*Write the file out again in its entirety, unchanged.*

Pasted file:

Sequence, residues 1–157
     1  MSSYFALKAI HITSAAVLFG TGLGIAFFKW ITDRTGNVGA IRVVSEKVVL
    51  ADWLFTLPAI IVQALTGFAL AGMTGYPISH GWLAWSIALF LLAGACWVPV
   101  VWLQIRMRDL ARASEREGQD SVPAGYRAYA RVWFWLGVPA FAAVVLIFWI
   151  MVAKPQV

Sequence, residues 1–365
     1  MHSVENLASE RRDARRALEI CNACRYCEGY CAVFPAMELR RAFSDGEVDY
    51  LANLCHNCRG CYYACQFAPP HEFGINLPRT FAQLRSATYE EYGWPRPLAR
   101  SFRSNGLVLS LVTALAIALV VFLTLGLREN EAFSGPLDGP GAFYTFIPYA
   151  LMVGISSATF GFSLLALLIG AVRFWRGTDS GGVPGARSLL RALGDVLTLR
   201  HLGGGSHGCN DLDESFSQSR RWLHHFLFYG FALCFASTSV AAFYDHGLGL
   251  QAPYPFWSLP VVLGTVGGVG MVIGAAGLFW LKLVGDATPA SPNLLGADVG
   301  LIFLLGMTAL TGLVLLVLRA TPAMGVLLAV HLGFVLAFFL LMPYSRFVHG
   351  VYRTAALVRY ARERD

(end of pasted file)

Sequence, residues 1–157
     1  MSSYFALKAI HITSAAVLFG TGLGIAFFKW ITDRTGNVGA IRVVSEKVVL
    51  ADWLFTLPAI IVQALTGFAL AGMTGYPISH GWLAWSIALF LLAGACWVPV
   101  VWLQIRMRDL ARASEREGQD SVPAGYRAYA RVWFWLGVPA FAAVVLIFWI
   151  MVAKPQV

Sequence, residues 1–365
     1  MHSVENLASE RRDARRALEI CNACRYCEGY CAVFPAMELR RAFSDGEVDY
    51  LANLCHNCRG CYYACQFAPP HEFGINLPRT FAQLRSATYE EYGWPRPLAR
   101  SFRSNGLVLS LVTALAIALV VFLTLGLREN EAFSGPLDGP GAFYTFIPYA
   151  LMVGISSATF GFSLLALLIG AVRFWRGTDS GGVPGARSLL RALGDVLTLR
   201  HLGGGSHGCN DLDESFSQSR RWLHHFLFYG FALCFASTSV AAFYDHGLGL
   251  QAPYPFWSLP VVLGTVGGVG MVIGAAGLFW LKLVGDATPA SPNLLGADVG
   301  LIFLLGMTAL TGLVLLVLRA TPAMGVLLAV HLGFVLAFFL LMPYSRFVHG
   351  VYRTAALVRY ARERD